Jane Freeland, who convenes NSC’s Education Working Group, talked to Claire Plumb about how an interactive project led by the Leicester Masaya Link Group (LMLG) is helping British children learn about global citizenship. Claire recently led a Leicester City Council delegation to Masaya.
As part of our education campaign, the Nicaragua Solidarity Campaign (NSC) and town twinning groups have been discussing how to make more strategic use of the experience of years of solidarity with municipalities and communities in Nicaragua. The insights of this work into Nicaraguan daily life illuminate more vividly than any abstract analysis how Nicaragua’s problems derive from global systems involving us all. LMLG’s Food for Thought programme is an innovative example of how solidarity links can be built which draw on the experiences of both communities and are truly reciprocal.
A year ago, CAR covered the progress of the English for Community Tourism project in the Miraflor Nature Reserve near Estelí and the production of a teaching toolkit. Now the materials look set to boost English teaching in secondary schools. As part of a commitment to improving the education system and making it more accessible, the Ministry of Education is reforming primary and secondary syllabuses and training teachers in more participative methodologies. Maths and science are current priorities, while materials printed and recorded by the NEST Trust could give a boost to English language teaching.
Electoral observers wanted in El Salvador
The Centro de Intercambio y Solidaridad (CIS) is organising two election observer missions in 2009. The first will be from January 12-20 to observe the mayoral and legislative elections, and the second from March 9-17 for the presidential elections. CIS is looking for volunteers to help contribute to free and fair elections and generate a safe environment for democratic participation.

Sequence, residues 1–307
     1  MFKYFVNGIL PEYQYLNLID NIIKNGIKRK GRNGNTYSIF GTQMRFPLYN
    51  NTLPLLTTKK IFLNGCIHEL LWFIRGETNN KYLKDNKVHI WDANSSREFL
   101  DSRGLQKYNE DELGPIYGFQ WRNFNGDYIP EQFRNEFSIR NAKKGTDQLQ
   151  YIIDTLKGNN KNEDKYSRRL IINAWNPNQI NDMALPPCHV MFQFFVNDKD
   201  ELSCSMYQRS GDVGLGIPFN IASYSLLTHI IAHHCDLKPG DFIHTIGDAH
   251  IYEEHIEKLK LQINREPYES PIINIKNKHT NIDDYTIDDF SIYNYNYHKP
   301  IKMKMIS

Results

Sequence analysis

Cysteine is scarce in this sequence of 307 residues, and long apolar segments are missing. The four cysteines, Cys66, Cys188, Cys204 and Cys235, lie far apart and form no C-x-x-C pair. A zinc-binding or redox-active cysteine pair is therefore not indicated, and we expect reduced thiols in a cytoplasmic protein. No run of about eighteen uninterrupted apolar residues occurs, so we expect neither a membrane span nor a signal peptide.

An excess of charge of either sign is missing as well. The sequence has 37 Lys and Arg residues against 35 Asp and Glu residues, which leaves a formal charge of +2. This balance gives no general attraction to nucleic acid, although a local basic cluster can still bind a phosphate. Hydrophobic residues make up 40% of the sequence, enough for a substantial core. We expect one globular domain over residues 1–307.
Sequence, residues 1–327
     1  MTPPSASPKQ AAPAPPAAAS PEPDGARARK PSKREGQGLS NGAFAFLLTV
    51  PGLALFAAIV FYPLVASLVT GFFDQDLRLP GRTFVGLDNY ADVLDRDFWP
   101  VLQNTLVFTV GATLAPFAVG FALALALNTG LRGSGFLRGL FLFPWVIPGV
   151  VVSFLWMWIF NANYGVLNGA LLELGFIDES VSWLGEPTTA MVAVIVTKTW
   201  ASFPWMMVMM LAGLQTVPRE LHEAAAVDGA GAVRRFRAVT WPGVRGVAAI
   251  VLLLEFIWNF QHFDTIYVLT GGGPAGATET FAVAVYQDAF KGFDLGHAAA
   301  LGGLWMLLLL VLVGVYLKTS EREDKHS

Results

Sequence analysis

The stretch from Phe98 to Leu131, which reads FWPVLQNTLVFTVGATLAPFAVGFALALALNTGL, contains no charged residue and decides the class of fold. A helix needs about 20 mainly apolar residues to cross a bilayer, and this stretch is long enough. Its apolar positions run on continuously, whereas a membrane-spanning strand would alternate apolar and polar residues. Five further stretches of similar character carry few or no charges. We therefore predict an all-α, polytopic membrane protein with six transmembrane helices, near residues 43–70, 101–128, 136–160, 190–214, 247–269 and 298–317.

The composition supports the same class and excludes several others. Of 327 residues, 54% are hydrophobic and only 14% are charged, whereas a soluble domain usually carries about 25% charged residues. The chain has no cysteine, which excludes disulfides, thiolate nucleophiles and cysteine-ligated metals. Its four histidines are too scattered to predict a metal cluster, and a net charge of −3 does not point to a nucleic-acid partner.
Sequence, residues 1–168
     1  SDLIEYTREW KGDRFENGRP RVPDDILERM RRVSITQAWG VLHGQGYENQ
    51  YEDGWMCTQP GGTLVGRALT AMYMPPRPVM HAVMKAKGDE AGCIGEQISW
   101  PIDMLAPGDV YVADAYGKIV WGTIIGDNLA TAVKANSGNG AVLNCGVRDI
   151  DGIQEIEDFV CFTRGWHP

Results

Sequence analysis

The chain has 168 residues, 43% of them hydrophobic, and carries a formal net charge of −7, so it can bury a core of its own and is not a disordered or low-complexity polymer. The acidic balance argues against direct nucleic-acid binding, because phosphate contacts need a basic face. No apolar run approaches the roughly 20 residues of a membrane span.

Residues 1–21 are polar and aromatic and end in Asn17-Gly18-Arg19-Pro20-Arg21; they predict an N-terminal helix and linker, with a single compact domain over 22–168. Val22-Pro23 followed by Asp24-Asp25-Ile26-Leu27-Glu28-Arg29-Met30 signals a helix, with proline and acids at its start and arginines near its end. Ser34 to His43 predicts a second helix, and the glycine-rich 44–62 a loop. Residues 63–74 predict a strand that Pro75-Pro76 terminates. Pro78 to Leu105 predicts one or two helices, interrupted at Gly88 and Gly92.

The following short films by Michael Boorer give a vivid flavour of what it's like to visit a growing community in rural El Salvador. Two-week rural study visits organized by the Nueva Esperanza Support Group to build links of solidarity with the community of Nueva Esperanza, Usulatan.
Educating Nueva Esperanza - this film tells of work of local educators in Nueva Esperanza and their ambitions for their community
Music for Hope - this film explains the project to ensure that music and culture thrive and how young people are taking to it
IN 1999, the Commission for Historical Clarification (CEH) calculated that, from 1981-83, a fifth of the population of the northern Guatemalan town of Rabinal – at least 4,441 people – lost their lives at the hands of the military. The CEH also pointed out that 99.8 percent of the victims of these massacres were indigenous Mayans (Maya Achi). These statistics support the compelling case for arguing that the campaign of violence was specifically directed at the Maya Achi people.
In 2003, the Community Museum Rabinal Achi, the Bufete Juridico Popular and the Association for Integrated Development of the Maya Achi in the Verapaces (ADIVIMA) wrote a book, Oj K'aslik (We're Alive), which has contributed to the recovery of the historical memory of Rabinal. Oj K'aslik concludes that it is vital to "eliminate the structural roots of the internal armed conflict, which includes promoting programmes for the eradication of ethnic discrimination in Rabinal".